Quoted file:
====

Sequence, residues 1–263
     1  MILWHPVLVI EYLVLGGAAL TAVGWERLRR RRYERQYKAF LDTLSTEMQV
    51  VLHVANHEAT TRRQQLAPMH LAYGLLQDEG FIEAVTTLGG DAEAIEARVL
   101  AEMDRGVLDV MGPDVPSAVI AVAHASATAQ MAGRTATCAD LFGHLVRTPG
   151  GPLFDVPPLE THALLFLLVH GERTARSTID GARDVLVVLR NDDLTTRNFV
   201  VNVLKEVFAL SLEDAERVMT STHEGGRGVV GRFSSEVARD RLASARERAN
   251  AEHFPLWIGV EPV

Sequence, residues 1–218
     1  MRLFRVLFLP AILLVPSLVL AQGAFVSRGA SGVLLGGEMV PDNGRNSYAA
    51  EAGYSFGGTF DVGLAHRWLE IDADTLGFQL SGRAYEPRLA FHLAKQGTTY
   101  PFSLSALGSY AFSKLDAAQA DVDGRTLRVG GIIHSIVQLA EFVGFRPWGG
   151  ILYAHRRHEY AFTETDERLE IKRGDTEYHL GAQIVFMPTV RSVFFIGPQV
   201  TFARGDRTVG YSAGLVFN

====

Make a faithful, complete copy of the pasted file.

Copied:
Sequence, residues 1–263
     1  MILWHPVLVI EYLVLGGAAL TAVGWERLRR RRYERQYKAF LDTLSTEMQV
    51  VLHVANHEAT TRRQQLAPMH LAYGLLQDEG FIEAVTTLGG DAEAIEARVL
   101  AEMDRGVLDV MGPDVPSAVI AVAHASATAQ MAGRTATCAD LFGHLVRTPG
   151  GPLFDVPPLE THALLFLLVH GERTARSTID GARDVLVVLR NDDLTTRNFV
   201  VNVLKEVFAL SLEDAERVMT STHEGGRGVV GRFSSEVARD RLASARERAN
   251  AEHFPLWIGV EPV

Sequence, residues 1–218
     1  MRLFRVLFLP AILLVPSLVL AQGAFVSRGA SGVLLGGEMV PDNGRNSYAA
    51  EAGYSFGGTF DVGLAHRWLE IDADTLGFQL SGRAYEPRLA FHLAKQGTTY
   101  PFSLSALGSY AFSKLDAAQA DVDGRTLRVG GIIHSIVQLA EFVGFRPWGG
   151  ILYAHRRHEY AFTETDERLE IKRGDTEYHL GAQIVFMPTV RSVFFIGPQV
   201  TFARGDRTVG YSAGLVFN